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Giant nonlinear optical responses from photon-avalanching nanoparticles


Avalanche phenomena use steeply nonlinear dynamics to generate disproportionately large responses from small perturbations, and are found in a multitude of events and materials1. Photon avalanching enables technologies such as optical phase-conjugate imaging2, infrared quantum counting3 and efficient upconverted lasing4,5,6. However, the photon-avalanching mechanism underlying these optical applications has been observed only in bulk materials and aggregates6,7, limiting its utility and impact. Here we report the realization of photon avalanching at room temperature in single nanostructures—small, Tm3+-doped upconverting nanocrystals—and demonstrate their use in super-resolution imaging in near-infrared spectral windows of maximal biological transparency. Avalanching nanoparticles (ANPs) can be pumped by continuous-wave lasers, and exhibit all of the defining features of photon avalanching, including clear excitation-power thresholds, exceptionally long rise time at threshold, and a dominant excited-state absorption that is more than 10,000 times larger than ground-state absorption. Beyond the avalanching threshold, ANP emission scales nonlinearly with the 26th power of the pump intensity, owing to induced positive optical feedback in each nanocrystal. This enables the experimental realization of photon-avalanche single-beam super-resolution imaging7 with sub-70-nanometre spatial resolution, achieved by using only simple scanning confocal microscopy and without any computational analysis. Pairing their steep nonlinearity with existing super-resolution techniques and computational methods8,9,10, ANPs enable imaging with higher resolution and at excitation intensities about 100 times lower than other probes. The low photon-avalanching threshold and excellent photostability of ANPs also suggest their utility in a diverse array of applications, including sub-wavelength imaging7,11,12 and optical and environmental sensing13,14,15.

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Fig. 1: PA mechanism in Tm3+-doped nanocrystals.
Fig. 2: Demonstration of nanoparticle PA.
Fig. 3: Modifying PA kinetics via ANP shell thickness, surface-to-volume ratio and Tm3+ content.
Fig. 4: PA single-beam super-resolution imaging.

Data availability

All data generated or analysed during this study, which support the plots within this paper and other findings of this study, are included in this published article and its Supplementary InformationSource data are provided with this paper.

Code availability

The code for modelling the PA behaviour using the differential rate equations described in the Supplementary Information are freely available at


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P.J.S., Y.D.S., S.H.N. and C.L. gratefully acknowledge support from the Global Research Laboratory (GRL) Program through the National Research Foundation of Korea (NRF) funded by the Ministry of Science and ICT (number 2016911815), and KRICT (KK2061-23, SKO1930-20). Y.D.S. acknowledges the Industrial Strategic Technology Development Program (number 10077582) funded by the Ministry of Trade, Industry, and Energy (MOTIE), Korea. E.Z.X. gratefully acknowledges support from the NSF Graduate Research Fellowship Program. Y.L. was supported by a China Scholarship Council fellowship. A.T. was supported by the Weizmann Institute of Science − National Postdoctoral Award Program for Advancing Women in Science. Work at the Molecular Foundry was supported by the Office of Science, Office of Basic Energy Sciences, of the US Department of Energy under contract number DE-AC02-05CH11231. K.Y. acknowledges support from Programmable Quantum Materials, an Energy Frontier Research Center funded by the US Department of Energy (DOE), Office of Science, Basic Energy Sciences (BES), under award DE-SC0019443. A.B. acknowledges financial support from NCN, Poland, grant number UMO-2018/31/B/ST5/01827.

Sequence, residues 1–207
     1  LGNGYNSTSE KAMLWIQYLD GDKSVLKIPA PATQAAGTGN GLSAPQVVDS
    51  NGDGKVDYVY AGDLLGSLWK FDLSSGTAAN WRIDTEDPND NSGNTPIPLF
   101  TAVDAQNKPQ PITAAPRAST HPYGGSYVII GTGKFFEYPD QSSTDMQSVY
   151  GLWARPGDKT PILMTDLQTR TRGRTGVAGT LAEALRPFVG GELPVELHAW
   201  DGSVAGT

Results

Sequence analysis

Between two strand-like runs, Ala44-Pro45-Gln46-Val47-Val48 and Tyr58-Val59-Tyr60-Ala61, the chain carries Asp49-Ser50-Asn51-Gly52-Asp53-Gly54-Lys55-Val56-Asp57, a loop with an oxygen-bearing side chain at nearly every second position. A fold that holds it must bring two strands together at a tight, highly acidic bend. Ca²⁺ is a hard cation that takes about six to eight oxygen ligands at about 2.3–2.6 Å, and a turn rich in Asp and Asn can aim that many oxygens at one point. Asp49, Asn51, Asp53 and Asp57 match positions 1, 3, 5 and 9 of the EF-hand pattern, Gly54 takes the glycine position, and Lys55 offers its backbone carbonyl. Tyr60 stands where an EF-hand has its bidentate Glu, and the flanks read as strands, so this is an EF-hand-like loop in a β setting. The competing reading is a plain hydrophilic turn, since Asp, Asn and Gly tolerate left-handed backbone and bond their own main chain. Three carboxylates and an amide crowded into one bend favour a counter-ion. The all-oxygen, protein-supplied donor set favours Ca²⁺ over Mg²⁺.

Author information




P.J.S., E.M.C., B.E.C., C.L. and Y.D.S. conceived the study. Experimental measurements and associated analyses were conducted by C.L., E.Z.X., Y.L., A.T., K.Y., A.F.-B., S.H.N. and E.M.C. Advanced nanoparticle synthesis and characterization was performed by Y.L., A.T. and E.M.C. Theoretical modelling and simulations of PA photophysics were carried out by C.L., E.M.C., A.T., A.M.K. and A.B. Advanced simulations of super-resolution imaging were performed by A.M.K. and A.B. All authors contributed to the preparation of the manuscript.

Corresponding authors

Correspondence to Yung Doug Suh, Artur Bednarkiewicz, Bruce E. Cohen, Emory M. Chan or P. James Schuck.

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The authors declare no competing interests.

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Peer review information Nature thanks Xueyuan Chen, Andries Meijerink and the other, anonymous, reviewer(s) for their contribution to the peer review of this work. Peer reviewer reports are available.

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This file includes: Supplementary Figures 1 to 13, Supplementary Tables 1 to 11, Supplementary Methods, Supplementary Discussion and Supplementary References.

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Lee, C., Xu, E.Z., Liu, Y. et al. Giant nonlinear optical responses from photon-avalanching nanoparticles. Nature 589, 230–235 (2021).

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